Exercise Thievery and How To Commit The Perfect Crime
I had the pleasure of spending some time with the iconic Dan John this past weekend and had the chance to talk about a lot of very cool topics related to training, sports, and life. Needless to say my mind was blown and I think anyone who has the opportunity to listen to Dan speak would say the same thing. There was certainly no shortage of conversation pieces as that is usually the case when discussing training but one of my favorites when hearing Dan speak was accumulating, processing, and applying new information. As a trainer, this is a natural part of evolving and becoming a better practitioner over time. It can come from reading, observing, or it can come from continuing education but the one word that gets passed around that I notice people have a hard time admitting is theft.
From a young age we are told not to steal and we do make the world a better place by following this principle. However, there are exceptions to the rule and I believe that a little bit of thievery isn't such a bad thing. In fact I believe that in order to evolve in this business you're better off coming clean and admitting that you've been stealing. I will be the first to admit that I have done a lot of it lately and looking back at the first paragraph I can say that I robbed Dan John blind. This isn't exclusive to training either. Musicians make music by drawing out inspiration from their favorite artists and innovation is a result of drawing inspiration from already existing platforms and finding ways of making them better.
In training I have to say that if it wasn't for drawing inspiration from others and of course stealing their ideas that they had previously stolen from their own inspirations I wouldn't have the identity that I posses and continue to polish day in and day out.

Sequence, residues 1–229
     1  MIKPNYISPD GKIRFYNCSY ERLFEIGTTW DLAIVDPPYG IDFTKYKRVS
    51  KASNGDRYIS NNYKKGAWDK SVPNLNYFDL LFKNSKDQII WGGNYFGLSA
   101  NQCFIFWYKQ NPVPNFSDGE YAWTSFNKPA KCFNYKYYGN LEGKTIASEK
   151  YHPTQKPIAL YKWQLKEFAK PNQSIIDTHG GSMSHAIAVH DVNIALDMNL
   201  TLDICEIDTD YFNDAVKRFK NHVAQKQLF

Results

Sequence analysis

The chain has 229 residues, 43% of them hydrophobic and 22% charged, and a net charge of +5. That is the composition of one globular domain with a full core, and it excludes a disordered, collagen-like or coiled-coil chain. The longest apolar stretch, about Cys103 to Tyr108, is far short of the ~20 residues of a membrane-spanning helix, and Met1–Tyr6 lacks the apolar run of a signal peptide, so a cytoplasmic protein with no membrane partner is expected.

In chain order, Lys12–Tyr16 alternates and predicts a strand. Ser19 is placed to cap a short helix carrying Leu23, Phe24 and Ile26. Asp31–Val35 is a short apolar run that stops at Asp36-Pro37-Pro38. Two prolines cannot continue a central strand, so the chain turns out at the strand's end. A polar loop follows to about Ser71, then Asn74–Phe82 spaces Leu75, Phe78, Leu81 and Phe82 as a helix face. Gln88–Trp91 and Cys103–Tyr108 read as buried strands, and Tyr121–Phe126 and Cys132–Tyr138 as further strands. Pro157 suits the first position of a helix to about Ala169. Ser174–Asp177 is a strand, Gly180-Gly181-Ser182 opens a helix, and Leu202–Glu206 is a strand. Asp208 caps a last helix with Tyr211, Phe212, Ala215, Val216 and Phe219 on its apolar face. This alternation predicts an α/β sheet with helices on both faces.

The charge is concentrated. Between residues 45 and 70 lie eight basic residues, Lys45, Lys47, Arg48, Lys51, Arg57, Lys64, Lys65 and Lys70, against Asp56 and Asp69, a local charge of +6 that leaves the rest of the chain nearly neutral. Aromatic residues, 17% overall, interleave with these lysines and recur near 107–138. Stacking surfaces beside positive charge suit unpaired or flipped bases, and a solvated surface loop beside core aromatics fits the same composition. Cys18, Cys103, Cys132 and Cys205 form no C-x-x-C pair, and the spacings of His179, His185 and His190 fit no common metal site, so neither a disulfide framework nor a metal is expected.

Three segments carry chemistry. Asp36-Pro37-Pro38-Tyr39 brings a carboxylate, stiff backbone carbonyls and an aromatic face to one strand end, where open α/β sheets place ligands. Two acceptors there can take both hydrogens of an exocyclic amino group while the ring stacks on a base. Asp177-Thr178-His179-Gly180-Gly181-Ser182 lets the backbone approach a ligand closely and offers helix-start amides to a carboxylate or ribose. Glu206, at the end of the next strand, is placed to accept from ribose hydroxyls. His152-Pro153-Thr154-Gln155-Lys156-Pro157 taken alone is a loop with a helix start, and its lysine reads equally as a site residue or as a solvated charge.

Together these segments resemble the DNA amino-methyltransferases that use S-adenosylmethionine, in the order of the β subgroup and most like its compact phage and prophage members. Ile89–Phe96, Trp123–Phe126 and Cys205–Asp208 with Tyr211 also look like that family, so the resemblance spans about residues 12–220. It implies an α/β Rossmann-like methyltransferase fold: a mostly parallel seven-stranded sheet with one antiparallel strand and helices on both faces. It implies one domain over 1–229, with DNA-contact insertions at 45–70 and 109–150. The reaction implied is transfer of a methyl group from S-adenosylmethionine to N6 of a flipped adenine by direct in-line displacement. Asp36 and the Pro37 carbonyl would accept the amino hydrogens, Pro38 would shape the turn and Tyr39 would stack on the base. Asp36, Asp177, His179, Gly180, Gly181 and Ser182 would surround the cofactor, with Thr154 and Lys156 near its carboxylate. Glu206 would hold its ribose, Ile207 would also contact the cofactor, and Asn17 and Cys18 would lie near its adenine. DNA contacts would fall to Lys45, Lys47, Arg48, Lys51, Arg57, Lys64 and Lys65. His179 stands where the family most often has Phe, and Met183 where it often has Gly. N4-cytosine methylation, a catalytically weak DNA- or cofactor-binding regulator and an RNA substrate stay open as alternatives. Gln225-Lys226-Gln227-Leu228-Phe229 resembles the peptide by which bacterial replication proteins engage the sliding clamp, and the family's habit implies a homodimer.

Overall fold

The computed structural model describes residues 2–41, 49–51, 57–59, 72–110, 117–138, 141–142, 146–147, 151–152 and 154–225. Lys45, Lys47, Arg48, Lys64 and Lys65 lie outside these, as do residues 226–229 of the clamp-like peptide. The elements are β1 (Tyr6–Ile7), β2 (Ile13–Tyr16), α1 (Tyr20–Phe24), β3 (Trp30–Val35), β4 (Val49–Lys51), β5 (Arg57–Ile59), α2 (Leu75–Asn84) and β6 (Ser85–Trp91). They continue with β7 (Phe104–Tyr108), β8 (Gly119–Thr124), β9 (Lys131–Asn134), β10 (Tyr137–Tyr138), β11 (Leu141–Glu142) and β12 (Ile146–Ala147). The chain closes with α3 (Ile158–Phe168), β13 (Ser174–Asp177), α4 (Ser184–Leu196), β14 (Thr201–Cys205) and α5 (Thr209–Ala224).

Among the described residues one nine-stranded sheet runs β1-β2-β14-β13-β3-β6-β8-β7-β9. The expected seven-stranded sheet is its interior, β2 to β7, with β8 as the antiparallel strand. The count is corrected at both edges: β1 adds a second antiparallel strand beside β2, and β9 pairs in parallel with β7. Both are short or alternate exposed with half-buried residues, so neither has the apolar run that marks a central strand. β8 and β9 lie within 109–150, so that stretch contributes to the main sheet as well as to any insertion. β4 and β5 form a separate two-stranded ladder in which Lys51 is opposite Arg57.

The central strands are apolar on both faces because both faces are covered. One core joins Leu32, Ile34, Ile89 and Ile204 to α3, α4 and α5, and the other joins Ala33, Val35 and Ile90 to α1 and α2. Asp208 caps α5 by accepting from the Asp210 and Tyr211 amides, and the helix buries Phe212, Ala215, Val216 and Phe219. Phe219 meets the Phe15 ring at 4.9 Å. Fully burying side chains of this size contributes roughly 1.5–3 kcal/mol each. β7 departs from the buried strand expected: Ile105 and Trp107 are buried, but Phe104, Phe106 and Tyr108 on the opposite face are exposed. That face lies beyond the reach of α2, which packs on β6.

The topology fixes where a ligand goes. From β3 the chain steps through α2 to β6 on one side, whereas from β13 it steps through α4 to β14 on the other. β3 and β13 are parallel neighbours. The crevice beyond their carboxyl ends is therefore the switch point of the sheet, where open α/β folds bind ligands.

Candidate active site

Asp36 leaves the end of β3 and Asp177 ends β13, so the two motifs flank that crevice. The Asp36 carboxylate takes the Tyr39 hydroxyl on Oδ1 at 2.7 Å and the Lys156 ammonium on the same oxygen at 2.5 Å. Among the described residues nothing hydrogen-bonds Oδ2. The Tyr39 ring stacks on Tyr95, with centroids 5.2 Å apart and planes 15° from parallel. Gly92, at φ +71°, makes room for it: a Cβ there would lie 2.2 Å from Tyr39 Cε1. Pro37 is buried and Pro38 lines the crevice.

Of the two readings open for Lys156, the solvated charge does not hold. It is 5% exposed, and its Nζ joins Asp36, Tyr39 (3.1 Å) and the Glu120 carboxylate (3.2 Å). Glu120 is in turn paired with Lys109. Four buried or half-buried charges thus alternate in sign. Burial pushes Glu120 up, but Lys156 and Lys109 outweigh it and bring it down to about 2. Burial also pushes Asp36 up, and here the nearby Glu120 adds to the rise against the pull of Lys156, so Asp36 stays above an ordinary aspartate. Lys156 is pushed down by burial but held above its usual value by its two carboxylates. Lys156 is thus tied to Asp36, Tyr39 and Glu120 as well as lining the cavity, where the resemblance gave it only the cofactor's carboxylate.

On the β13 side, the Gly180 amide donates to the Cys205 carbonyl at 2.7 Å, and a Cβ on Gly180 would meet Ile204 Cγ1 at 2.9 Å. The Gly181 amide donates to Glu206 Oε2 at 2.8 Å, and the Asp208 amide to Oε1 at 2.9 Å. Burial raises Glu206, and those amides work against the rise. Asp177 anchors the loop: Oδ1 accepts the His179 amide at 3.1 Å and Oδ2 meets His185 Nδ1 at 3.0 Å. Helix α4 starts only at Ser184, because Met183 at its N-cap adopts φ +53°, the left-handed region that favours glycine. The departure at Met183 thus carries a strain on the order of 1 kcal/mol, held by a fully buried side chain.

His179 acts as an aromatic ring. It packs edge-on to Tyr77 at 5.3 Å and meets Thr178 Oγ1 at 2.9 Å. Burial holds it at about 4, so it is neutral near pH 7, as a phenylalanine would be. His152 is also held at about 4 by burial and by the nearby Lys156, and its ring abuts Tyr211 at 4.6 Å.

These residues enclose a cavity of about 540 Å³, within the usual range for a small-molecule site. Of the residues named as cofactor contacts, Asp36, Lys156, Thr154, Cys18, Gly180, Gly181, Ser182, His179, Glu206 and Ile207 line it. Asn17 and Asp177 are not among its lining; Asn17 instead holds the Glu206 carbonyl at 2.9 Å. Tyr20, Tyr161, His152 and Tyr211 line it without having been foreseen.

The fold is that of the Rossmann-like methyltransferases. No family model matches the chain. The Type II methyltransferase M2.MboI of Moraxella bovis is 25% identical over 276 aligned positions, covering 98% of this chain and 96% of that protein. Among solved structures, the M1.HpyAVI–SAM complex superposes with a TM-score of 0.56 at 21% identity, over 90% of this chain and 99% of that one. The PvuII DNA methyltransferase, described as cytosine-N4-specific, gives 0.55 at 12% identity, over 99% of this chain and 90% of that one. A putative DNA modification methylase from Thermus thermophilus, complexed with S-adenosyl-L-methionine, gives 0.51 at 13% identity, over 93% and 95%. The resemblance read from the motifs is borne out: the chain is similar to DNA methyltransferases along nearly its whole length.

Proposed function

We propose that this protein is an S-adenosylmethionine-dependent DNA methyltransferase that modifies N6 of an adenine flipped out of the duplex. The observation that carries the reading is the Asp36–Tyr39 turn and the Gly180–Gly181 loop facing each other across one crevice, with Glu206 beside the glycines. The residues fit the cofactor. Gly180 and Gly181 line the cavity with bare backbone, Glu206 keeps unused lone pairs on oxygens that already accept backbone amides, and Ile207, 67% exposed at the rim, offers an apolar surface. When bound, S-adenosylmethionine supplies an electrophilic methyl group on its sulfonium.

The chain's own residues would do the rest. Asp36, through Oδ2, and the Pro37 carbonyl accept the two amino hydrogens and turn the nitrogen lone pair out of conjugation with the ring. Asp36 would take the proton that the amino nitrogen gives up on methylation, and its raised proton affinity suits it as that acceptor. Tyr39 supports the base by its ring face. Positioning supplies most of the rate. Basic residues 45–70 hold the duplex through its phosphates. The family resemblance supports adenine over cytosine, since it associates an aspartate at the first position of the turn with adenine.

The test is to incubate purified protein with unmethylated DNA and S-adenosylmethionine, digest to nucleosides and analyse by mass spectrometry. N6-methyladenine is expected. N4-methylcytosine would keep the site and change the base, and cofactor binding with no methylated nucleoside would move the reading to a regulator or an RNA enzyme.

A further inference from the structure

Here is the catch. You don't want to get caught stealing. Smart criminals know how use their loot in a way that does not expose them and we need to follow a similar principle. For anyone with the ability to observe what goes on in a training environment can tell a good criminal from a bad one by the way information is put to practice. It looks copy and pasted and it just doesn't look pretty and you can easily find them guilty of theft. Unfortunately in some training environments there may even be a case for attempted murder. A major characteristic of solid training is the ability to be a smooth criminal. Good trainers have the ability to not only steal quality information, but follow a protocol that allows them to put it into practice with safety, efficiency, and originality. This is how they do it.
The question is do you want to go to jail or do you want to go home?
Commit The Crime
First of all if you're not committing theft on a daily basis I suggest you do so. Training is a profession where you can never know too much in my eyes and if you're not learning daily you're falling behind. Whether it be books, articles, seminars, or observing and speaking with colleagues you admire be sure that you take what you can from them.